HomeAFLOne Step Forward, Two Steps Back For Concussion In Sport

One Step Forward, Two Steps Back For Concussion In Sport

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One Step Forward, Two Steps Back For Concussion In Sport

Following major reports of plagiarism and unevidenced recommendations, the Concussion In Sport Group (CISG) chairman, Paul McCrory, has resigned immediately and been charged with plagiarism.

Immediately following the announcement and media reports detailing the unevidenced recommendations to several major sporting bodies around the world, the AFL has issued a statement advising it will conduct an independent review of the work, research, and advice it has received from the group.

The statement confirmed in May 2018, McCrory provided an enforceable undertaking to the Medical Board of Australia that he would not perform neurodiagnostic procedures and/or nerve conduction studies and/or electromyography until approved by the Board.

The AFL claimed it was previously unaware of the enforceable undertaking to the Board and said “he was an important and long-standing advisor on concussion and he was understood by the AFL to be a pre-eminent expert in the field”.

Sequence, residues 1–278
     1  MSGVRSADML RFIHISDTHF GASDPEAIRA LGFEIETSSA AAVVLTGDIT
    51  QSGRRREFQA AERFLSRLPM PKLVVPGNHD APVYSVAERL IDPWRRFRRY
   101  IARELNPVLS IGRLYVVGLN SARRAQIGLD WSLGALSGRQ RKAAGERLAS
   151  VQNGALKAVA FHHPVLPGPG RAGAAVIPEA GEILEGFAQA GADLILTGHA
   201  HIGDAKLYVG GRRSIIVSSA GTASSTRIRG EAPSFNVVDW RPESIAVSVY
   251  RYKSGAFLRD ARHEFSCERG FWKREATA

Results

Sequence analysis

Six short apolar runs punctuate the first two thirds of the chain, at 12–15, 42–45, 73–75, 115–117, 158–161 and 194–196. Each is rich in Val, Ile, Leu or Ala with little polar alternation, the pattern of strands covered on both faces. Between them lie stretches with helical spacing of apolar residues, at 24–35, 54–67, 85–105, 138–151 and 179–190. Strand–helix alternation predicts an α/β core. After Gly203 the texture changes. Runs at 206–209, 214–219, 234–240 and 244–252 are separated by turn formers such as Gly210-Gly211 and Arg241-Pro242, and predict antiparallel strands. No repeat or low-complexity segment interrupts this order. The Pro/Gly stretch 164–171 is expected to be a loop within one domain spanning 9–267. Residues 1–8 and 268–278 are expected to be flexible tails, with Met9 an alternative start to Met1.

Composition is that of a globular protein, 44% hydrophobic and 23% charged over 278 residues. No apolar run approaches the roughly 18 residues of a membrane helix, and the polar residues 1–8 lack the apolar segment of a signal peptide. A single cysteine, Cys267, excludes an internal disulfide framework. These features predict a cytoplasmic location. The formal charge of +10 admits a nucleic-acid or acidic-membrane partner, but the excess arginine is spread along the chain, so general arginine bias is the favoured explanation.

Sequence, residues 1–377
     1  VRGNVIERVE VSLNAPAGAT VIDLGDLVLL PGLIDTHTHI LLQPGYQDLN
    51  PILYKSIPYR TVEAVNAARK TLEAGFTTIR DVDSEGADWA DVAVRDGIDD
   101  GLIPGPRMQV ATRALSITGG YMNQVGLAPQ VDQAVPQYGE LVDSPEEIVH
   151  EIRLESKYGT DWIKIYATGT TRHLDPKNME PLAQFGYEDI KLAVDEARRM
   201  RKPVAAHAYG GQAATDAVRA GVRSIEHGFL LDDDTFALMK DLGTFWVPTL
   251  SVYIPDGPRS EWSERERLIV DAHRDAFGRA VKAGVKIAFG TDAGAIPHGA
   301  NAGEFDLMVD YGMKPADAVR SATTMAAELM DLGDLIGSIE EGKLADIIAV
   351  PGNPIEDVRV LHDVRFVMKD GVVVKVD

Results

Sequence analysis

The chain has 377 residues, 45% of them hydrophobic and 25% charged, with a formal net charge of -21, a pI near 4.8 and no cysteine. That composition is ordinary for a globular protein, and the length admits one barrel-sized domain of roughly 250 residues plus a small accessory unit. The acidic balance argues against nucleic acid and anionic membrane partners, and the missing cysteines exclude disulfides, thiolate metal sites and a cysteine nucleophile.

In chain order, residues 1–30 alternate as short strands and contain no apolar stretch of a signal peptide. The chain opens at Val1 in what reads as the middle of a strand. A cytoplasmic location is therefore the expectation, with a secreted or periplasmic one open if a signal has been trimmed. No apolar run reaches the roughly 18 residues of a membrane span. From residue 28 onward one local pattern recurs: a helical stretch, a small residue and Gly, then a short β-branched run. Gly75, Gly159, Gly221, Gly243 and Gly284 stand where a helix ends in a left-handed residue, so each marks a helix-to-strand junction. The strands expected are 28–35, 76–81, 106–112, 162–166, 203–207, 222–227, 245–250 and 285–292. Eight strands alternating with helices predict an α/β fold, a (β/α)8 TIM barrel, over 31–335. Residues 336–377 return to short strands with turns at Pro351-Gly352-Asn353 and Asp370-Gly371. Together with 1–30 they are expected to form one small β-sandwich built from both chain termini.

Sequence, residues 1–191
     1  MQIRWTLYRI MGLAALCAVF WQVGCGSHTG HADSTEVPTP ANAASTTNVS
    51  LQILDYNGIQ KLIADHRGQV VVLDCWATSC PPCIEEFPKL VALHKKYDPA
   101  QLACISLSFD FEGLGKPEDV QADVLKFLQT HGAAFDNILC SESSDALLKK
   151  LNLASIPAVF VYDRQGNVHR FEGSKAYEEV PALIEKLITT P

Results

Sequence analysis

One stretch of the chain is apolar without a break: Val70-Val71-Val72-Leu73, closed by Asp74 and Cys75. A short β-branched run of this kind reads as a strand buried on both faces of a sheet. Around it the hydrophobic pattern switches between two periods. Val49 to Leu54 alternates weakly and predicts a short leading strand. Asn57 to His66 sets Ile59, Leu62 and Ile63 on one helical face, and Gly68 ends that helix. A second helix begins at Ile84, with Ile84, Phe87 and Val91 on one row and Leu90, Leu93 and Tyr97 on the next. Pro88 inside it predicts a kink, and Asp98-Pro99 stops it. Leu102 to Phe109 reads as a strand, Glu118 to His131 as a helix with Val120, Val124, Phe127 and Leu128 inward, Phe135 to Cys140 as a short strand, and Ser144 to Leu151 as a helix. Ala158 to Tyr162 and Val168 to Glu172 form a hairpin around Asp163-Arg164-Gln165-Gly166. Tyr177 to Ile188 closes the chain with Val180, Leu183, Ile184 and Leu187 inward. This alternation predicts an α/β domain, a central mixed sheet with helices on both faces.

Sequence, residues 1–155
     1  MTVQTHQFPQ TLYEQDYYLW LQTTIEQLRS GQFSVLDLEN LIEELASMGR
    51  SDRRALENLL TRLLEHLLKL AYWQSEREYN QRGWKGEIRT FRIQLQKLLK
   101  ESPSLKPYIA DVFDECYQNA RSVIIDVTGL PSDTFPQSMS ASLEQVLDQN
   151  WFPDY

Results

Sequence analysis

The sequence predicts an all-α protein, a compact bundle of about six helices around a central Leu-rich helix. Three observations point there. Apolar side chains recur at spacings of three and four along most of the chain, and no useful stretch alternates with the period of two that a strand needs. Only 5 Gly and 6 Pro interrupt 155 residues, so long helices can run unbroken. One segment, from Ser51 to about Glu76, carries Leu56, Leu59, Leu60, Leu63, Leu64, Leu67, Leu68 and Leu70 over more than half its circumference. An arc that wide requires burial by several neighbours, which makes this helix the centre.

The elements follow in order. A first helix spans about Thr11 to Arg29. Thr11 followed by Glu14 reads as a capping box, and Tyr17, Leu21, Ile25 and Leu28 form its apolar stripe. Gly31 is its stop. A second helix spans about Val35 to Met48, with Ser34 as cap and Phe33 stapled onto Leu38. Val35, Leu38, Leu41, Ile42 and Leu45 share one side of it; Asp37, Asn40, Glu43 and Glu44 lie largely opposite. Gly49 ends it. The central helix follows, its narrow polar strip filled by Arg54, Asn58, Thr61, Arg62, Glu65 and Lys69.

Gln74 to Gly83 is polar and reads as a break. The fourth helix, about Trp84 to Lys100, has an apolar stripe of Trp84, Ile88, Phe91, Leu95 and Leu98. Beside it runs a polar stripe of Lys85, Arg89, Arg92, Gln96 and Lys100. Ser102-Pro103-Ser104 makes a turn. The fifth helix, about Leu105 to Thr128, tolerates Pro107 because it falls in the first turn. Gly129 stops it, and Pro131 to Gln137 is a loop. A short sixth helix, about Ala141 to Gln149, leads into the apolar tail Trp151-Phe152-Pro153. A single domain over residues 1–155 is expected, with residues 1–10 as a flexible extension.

The AFL’s independent review will be conducted by an independent senior counsel and a professor of medicine experienced in medial and medical research ethics, with the focus of ascertaining the status and reliability of past research activities and outcomes, and clinical work McCrory was involved in for the league.

Elsewhere in global sport, the CISG had previously recommended World Rugby reduce its minimum return-to-play protocol following a concussion from three weeks down to six days.

Leading brain injury researcher, NHS Greater Glasgow and Clyde consultant neuropathologist, Dr Willie Stewart, who currently has an advisory role on World Rugby’s Brain Health Initiative, has since issued a call for all sporting organisations to review their concussion protocols if they were recommended by the CISG.

On Twitter, Dr Stewart said: “Suggest wider sport also review concussion policies informed by #CISG and their relationship with that group.”

Other major sporting organisations around the world who previously implemented recommendations from the CISG include the NRL, the NFL, FIFA, the International Olympic Committee, and the Football Association.

In a statement issued to the Guardian, FIFA said: “It is with great concern that FIFA has taken note of the resignation of Professor McCrory from the Concussion in Sport Group.”

“Given the seriousness of the situation, FIFA is currently analysing the work of the Concussion in Sport Group as a whole in order to decide the best way forward.

“Generally speaking, FIFA is fully supportive of the tools and information that has come from the consensus statements made by the CISG and it will continue to ensure these tools are freely available to all who wish to use them,” FIFA said in the statement.

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